Headlines from around the world are proclaiming the demise of the US Big Three auto makers as Honda and Toyota ring up record sales volume while at the same time domestic auto sales fall drastically. Most experts blame the drop in sales at the US Big Three on concerns about gasoline prices, but I think there is much more to this story than record high gas prices. For years the “big three” auto makers in the US have worked on a month by month basis to generate sales. This marketing idea while successful in the short run will produce disastrous results over the long haul.
Almost ten years ago I saw this problem coming, as did many other folks who look at life through a time capsule of longer than one month. Almost all domestic auto dealerships could care less about next month because to their way of thinking you only run an automobile dealership, one month at a time. What this means to the average consumer is that there is a good and a bad time to buy a car at one of these dealerships each month and most of them figured this out a long time ago. This is why it is hard to find a customer on a Ford, Chevrolet or Dodge lot early in the month, but during the last few days of the month they are packed with customers.
While this pattern has continued to play out over the past decade, domestic automobile dealers have been losing profit share as customers learn their mode of operation. Unless a person is extremely impatient, they just wait until the end of the month when sales managers are under pressure to make their quota and are at a disadvantage to hold profit margins for their dealerships. This activity has been going on for years and what is at the heart of this problem is the month by month goal setting which is used by most automobile dealerships in the US.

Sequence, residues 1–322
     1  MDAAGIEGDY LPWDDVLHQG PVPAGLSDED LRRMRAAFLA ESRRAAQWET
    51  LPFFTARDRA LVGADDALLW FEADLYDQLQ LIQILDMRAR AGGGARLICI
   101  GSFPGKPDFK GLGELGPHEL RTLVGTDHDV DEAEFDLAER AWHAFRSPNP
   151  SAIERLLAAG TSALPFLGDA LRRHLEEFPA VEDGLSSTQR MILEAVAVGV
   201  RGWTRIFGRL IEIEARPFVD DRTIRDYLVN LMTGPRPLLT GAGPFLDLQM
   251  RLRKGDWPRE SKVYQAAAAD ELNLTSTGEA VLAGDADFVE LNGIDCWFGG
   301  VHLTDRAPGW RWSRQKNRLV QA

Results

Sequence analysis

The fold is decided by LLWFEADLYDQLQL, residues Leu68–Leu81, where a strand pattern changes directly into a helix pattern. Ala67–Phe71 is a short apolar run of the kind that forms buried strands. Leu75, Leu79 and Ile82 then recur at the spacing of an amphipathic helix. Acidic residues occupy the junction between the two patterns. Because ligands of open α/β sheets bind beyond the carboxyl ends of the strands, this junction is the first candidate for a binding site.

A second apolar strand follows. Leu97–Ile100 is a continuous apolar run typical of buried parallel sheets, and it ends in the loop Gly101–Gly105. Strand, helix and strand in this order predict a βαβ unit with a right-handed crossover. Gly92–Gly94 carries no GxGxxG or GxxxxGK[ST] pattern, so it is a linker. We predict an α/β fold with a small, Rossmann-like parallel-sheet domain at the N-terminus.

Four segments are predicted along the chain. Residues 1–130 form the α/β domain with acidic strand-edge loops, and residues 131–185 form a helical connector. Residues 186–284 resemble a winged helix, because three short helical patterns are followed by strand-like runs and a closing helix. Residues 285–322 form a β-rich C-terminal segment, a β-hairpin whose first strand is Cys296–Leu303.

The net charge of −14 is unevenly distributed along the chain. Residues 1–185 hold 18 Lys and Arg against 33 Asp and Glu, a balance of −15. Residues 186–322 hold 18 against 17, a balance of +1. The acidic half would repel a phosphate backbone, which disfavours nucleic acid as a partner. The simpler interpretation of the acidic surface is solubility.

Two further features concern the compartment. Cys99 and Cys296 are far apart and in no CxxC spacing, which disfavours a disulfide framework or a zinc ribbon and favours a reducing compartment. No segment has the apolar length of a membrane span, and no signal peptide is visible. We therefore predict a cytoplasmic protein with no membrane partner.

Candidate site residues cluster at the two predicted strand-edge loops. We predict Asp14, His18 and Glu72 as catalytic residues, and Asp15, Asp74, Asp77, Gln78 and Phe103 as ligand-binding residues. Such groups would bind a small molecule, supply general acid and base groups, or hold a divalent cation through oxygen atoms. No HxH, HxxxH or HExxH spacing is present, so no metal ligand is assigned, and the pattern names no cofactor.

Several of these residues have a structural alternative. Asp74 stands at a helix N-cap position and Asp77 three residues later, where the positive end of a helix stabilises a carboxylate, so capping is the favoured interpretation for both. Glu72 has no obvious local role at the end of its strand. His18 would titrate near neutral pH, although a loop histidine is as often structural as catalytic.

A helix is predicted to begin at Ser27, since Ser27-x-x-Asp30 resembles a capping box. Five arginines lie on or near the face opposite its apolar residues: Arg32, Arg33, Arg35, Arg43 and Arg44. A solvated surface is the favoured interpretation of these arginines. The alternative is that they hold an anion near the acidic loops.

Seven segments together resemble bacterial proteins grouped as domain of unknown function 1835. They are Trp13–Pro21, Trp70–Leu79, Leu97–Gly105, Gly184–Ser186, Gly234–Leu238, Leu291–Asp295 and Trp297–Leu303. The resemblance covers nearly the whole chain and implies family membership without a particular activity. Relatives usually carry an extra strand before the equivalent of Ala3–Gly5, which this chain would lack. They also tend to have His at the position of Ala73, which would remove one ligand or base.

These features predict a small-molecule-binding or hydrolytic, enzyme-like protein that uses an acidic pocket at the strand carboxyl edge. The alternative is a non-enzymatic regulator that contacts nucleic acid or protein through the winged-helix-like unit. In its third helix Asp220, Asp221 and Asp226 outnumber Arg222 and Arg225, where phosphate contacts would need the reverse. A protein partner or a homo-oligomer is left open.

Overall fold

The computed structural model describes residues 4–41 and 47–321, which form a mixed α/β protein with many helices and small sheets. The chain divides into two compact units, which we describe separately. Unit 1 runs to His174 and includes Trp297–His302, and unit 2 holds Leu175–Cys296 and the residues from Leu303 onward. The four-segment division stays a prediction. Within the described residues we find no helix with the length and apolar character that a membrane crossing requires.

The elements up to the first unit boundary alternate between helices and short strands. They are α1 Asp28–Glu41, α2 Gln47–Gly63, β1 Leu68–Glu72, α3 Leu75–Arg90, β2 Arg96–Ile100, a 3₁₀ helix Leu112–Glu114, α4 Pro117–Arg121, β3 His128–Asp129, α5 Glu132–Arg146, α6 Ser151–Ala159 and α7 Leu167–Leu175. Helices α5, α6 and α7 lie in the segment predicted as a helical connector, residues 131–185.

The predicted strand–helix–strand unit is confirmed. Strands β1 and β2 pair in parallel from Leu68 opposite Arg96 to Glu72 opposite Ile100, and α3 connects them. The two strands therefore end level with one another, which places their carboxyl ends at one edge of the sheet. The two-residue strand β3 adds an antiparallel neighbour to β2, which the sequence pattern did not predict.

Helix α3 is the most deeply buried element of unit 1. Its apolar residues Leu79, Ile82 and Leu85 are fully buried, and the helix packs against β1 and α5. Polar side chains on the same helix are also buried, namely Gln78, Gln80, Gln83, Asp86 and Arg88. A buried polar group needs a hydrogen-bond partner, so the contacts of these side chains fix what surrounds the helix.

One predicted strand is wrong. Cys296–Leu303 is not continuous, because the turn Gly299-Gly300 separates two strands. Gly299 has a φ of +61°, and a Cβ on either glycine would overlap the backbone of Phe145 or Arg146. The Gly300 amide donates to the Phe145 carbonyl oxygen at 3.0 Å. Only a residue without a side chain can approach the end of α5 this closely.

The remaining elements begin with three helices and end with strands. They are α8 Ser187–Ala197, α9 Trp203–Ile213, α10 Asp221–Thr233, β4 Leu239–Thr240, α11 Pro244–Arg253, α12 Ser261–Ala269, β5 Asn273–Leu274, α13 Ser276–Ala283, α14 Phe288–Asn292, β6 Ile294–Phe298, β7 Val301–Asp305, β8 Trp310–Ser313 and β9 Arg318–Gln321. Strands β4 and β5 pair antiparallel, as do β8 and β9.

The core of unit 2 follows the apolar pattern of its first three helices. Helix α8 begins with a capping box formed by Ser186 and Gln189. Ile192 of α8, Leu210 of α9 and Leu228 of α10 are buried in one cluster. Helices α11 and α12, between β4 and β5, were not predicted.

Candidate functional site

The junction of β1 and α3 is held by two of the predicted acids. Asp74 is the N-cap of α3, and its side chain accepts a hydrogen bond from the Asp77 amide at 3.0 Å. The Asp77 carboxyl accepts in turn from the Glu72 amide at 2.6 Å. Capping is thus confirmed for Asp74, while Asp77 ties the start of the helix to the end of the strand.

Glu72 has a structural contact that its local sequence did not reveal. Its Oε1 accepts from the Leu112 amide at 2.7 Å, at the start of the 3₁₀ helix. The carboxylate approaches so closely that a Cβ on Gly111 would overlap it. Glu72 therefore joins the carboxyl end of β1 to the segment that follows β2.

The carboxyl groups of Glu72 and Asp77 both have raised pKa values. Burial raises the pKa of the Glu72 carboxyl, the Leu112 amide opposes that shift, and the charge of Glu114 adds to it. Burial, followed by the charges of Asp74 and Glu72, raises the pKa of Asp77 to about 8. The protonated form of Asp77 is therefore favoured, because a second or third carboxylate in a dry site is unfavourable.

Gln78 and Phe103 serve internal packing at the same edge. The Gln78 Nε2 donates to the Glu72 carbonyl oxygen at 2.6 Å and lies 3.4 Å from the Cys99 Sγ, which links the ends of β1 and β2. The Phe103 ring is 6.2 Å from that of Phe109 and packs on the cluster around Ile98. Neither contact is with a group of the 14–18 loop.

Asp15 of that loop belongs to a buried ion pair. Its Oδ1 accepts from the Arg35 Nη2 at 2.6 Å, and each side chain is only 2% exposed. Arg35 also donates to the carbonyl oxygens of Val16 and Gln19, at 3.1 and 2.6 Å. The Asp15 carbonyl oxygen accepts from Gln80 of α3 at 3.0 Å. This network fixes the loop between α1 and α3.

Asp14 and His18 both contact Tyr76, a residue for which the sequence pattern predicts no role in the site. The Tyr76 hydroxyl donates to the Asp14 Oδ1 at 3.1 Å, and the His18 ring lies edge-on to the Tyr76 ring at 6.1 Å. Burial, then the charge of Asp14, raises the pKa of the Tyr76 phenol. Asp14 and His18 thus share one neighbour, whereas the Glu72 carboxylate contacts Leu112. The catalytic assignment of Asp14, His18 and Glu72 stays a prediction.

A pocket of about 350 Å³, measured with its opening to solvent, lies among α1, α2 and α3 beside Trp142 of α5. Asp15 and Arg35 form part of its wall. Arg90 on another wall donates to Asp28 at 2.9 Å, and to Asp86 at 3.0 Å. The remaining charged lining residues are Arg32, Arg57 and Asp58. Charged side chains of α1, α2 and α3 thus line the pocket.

Another huge problem is that the American consumer looks at US made vehicles as some kind of a “Wal-Mart” car or truck which must be bought at a discount. At the same time consumers have been taught that import vehicles from Honda and Toyota are built to a higher standard of quality and their dealers don’t start cutting prices dramatically at the end of each month which further feeds into this consumer attitude of a better built vehicle. Like so many other things that are strictly American, the US domestic car business is built on hype and impatience. Just look at television advertisements for Ford, Chevrolet and Chrysler vehicles. These ads are always encouraging customers to rush to their dealership before all the “good deals” are gone.
There are those who love to criticize the Japanese for various reasons, but when it comes to building a quality vehicle, pricing it fairly and not playing games with customers, they beat the US manufactures and dealers, hands down. The good news is that no matter what happens to the US Big Three auto manufactures in the future, there will have to be changes made in the advertising and at the dealership level or their long-term prospects are dismal. The customers have spoken loud and clear on this issue and they prefer the Japanese way of doing business when it comes to automobiles and the US manufactures must change or they are eventually doomed to failure.
Related: Toyota Leads GM, Ford Motor Troubles, Chrysler Pink Slips, Trouble In Motor City
Big Three Down